Flashcards in Clinical Treatment of Heart Failure (complete) Deck (30)
What are the general goals of any therapy?
1) ^ QOL by improving survival
2) ^ QOL by reducing symptoms
3) Decrease financial/resource burden of disease
What are the HF-specific goals of therapy?
- Correct underlying cause of HF (sometimes it's not possible to reverse cause, e.g. infarcted tissue)
- Eliminate precipitating factors (infection, anemia, Na intake)
- Reduction of congestion (fluid optimization is a major dealio!)
- Improve flow
- Modulate neurohormonal activation
What are the major classes of medications for HF?
3) Neurohormonal antagonists
Describe the use of diuretics
- Reverse Na and fluid retention of HF
- Classes: loop diuretics, thiazide diuretic
- Most common HF therapy
- Can be used chronically and acutely
- Works at far end of F-S curve => decreases in pressure produce ∆s in SV (and CO)
- Congestion symptoms reduced w/o major effects of blood flow
Describe the use of arterial vasodilators
- Decreases LV afterload
- Decreases cardiac work
- Decreases mitral regurgitation
- hydralazine/isosorbide dinitrate in HFrEF (added to ACEI/BB in blacks <<--- controversial)
Describe the use of venous vasodilators
- Decreases preload
Describe the use of pulmonary arterial vasodilators
- Decreases RV afterload
Describe the use of angiotensin converting enzyme inhibitors (ACEI)
- ...prils (lisinopril, enalaprin, benazepril)
- Blocks conversion of AI to AII
- Direct vasodilation
- Decreased aldosterone activation
What are the side effects of ACEI?
- Worsening renal function
- Cough (kinin potentiation)
Describe the use of angiotensin receptor blockers
- ...sartans (valsartan, candesartan, losartan)
- Blocks AII receptor
- Shown to be equivalent to ACEI
- Controversial whether ACEI + ARB provides added benefit
- Used when pts develop cough to ACEI
What are the side effects of ARBs?
- No cough b/c no kinin production
Similar to ACEI:
- Worsening renal function
Describe the use of aldosterone receptor blockers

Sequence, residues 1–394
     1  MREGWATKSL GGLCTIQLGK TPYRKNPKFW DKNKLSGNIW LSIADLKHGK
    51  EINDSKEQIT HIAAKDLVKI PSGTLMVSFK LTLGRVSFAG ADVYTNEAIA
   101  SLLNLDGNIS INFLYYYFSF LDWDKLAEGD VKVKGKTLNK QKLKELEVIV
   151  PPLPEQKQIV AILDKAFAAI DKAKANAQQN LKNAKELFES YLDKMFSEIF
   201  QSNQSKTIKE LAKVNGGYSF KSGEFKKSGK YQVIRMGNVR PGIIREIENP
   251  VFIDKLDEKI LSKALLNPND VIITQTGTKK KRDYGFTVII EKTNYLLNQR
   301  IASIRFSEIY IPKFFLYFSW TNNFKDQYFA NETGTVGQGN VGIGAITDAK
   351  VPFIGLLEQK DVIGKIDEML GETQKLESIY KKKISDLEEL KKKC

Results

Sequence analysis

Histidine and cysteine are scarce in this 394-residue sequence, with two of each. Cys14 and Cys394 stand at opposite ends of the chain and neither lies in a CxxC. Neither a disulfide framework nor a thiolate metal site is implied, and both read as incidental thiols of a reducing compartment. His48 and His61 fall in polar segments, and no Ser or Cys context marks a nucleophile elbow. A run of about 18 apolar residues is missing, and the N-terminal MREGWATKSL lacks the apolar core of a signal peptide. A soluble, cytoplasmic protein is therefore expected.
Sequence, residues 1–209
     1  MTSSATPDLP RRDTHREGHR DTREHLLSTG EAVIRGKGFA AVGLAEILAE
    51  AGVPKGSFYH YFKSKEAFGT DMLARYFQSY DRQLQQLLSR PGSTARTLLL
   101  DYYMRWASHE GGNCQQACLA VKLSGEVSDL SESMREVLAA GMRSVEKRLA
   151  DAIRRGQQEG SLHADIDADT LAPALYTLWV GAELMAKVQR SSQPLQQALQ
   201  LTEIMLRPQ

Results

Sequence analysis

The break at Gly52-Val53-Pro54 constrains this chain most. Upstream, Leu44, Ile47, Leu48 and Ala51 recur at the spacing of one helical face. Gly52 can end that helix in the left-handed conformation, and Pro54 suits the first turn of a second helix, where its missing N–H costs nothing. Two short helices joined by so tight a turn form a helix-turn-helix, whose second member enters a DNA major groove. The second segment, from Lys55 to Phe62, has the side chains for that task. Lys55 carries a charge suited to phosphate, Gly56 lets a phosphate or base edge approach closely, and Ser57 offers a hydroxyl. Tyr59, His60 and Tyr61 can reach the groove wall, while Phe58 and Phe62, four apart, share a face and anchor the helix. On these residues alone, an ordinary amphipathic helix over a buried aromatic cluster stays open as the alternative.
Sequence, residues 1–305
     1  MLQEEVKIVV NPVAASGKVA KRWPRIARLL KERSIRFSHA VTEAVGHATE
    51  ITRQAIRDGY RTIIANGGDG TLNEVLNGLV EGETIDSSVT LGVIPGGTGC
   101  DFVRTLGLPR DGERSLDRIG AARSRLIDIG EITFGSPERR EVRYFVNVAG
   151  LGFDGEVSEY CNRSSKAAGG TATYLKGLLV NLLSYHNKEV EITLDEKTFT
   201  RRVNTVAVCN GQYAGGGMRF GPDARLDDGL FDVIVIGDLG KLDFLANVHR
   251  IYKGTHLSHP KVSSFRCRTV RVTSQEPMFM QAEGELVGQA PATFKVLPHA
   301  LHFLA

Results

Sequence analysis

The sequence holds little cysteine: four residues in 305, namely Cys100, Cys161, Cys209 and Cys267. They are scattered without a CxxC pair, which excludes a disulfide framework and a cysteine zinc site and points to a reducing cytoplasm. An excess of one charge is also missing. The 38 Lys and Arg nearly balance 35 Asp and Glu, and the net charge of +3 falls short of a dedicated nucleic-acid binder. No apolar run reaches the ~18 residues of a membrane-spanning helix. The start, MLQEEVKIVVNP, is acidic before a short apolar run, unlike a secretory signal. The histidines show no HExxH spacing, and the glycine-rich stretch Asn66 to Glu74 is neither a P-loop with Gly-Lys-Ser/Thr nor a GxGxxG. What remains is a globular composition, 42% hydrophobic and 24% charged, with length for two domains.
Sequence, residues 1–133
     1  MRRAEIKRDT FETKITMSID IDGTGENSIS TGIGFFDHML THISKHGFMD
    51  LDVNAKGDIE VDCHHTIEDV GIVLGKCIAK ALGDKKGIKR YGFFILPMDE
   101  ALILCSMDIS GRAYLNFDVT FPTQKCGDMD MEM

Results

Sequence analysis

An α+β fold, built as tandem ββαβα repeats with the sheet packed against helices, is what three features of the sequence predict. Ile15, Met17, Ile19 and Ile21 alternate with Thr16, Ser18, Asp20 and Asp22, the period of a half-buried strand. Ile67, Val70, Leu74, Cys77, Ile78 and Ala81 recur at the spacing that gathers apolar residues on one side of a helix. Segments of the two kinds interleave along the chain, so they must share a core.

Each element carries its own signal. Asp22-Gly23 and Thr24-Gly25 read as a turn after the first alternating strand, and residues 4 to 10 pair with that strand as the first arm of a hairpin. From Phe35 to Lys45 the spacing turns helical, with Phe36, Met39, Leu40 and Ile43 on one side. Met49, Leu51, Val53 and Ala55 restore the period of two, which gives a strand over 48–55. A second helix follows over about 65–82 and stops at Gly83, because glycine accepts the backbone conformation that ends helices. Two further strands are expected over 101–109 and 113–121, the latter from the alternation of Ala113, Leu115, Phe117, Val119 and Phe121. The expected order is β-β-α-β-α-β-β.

- Spironolactone, eplerenone
- Block aldosterone action in kidney (ACEI/ARB block is incomplete)
- Decrease Na => a diuretic
- Side effects: hyperkalemia, gynecomastia (spiro only)
Describe the use of beta-blockers
- Antagonizing effect of sympathetic system (NE & epinephrine)
- Beta1 block => negative chronotrope (slows HR, less arrhythmia)
- Alpha1 block: vasodilation
What are the side effects of beta-blockers?
- Negative inotropy: short term loss for long-term gain
- Fluid retention, hypotension, decreased CO (cardiogenic shock)
Describe the use of positive inotropic agents
- Used in acute situations via IV => reverse shock
- Chronic use => worsen remodeling & ^ mortality
- 3 types: digoxin, dobutamine, milrinone
Describe implanted cardioverter defibrillators
- For pts with LVEF ≤ 35% or prior dangerous heart rhythms
- Abort sudden cardiac death from ventricular tachy/ fibrillation
Describe cardiac resynchronization therapy/biventricular pacemakers
- LV lead placed from RA through coronary sinus over epicardium of the LV
- For pts w/ QRS >120 msec
- Causes the lateral wall and septal wall to contract together
- Produces more efficient contraction => ^ SV
- May improve mitral valve function => decreased regurgitation
- usually placed with ICD
Describe Stage A therapy goals
Stage A: at high risk for HF but w/o structural heart disease or symptoms of HF
- treat HTN
- smoking cessation
- treat lipid disorders
- regular exercise
- discourage alcohol, illicit drug use
- control metabolic syndrome
What are the drugs used in Stage A?
ACEI or ARB
Describe Stage B therapy goals
Stage B: structural heart disease but w/o signs/symptoms of HF
- same as Stage A
What are the drugs used in Stage B?
- ACEI or ARB
What are devices used in Stage B?
- in select pts
Describe Stage C therapy goals
Stage C: structural heart disease with prior or current symptoms of HF
- same as A & B
- Dietary salt restriction
What are drugs used in Stage C?
- Aldosterone antagonist
What are devices used in Stage C?
- Biventricular pacing
- Implantable defibrillators
in select pts
Describe Stage D therapy goals
Stage D: refractory HF requiring specialized interventions
- Same as A, B, & C
What are other options in treating Stage D HF?
- Extraordinary measures (e.g. heart transplant, chronic inotropes, permanent mechanical support, experimental surgery/drugs)
What types of txs are used for pts with HF and normal EF?
- Diuretics (volume control)
- Treat underlying condition
- Vasodilators => maintain normal BP
Which treatments have not been successful in improving health outcomes for pts w/ HF and normal EF?
- Neurohormonal agonists (e.g. ACEI, ARB)
- ICD/CRT not indicated for pts w/ >35-40%